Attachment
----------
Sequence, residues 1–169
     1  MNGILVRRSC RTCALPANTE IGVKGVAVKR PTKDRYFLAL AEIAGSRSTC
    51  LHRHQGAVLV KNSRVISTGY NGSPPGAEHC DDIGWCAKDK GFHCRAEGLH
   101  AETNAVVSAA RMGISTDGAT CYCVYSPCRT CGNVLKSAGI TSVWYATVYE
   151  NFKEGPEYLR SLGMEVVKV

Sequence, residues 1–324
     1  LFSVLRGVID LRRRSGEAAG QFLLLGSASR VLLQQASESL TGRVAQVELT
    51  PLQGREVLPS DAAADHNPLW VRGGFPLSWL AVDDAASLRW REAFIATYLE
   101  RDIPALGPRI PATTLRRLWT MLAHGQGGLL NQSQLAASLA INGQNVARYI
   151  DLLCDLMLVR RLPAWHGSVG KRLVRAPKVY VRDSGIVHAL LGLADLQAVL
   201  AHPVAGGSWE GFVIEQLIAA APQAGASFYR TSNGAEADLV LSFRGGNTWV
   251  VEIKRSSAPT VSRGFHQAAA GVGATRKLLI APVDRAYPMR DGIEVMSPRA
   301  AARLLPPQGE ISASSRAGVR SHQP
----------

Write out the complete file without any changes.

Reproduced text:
Sequence, residues 1–169
     1  MNGILVRRSC RTCALPANTE IGVKGVAVKR PTKDRYFLAL AEIAGSRSTC
    51  LHRHQGAVLV KNSRVISTGY NGSPPGAEHC DDIGWCAKDK GFHCRAEGLH
   101  AETNAVVSAA RMGISTDGAT CYCVYSPCRT CGNVLKSAGI TSVWYATVYE
   151  NFKEGPEYLR SLGMEVVKV

Sequence, residues 1–324
     1  LFSVLRGVID LRRRSGEAAG QFLLLGSASR VLLQQASESL TGRVAQVELT
    51  PLQGREVLPS DAAADHNPLW VRGGFPLSWL AVDDAASLRW REAFIATYLE
   101  RDIPALGPRI PATTLRRLWT MLAHGQGGLL NQSQLAASLA INGQNVARYI
   151  DLLCDLMLVR RLPAWHGSVG KRLVRAPKVY VRDSGIVHAL LGLADLQAVL
   201  AHPVAGGSWE GFVIEQLIAA APQAGASFYR TSNGAEADLV LSFRGGNTWV
   251  VEIKRSSAPT VSRGFHQAAA GVGATRKLLI APVDRAYPMR DGIEVMSPRA
   301  AARLLPPQGE ISASSRAGVR SHQP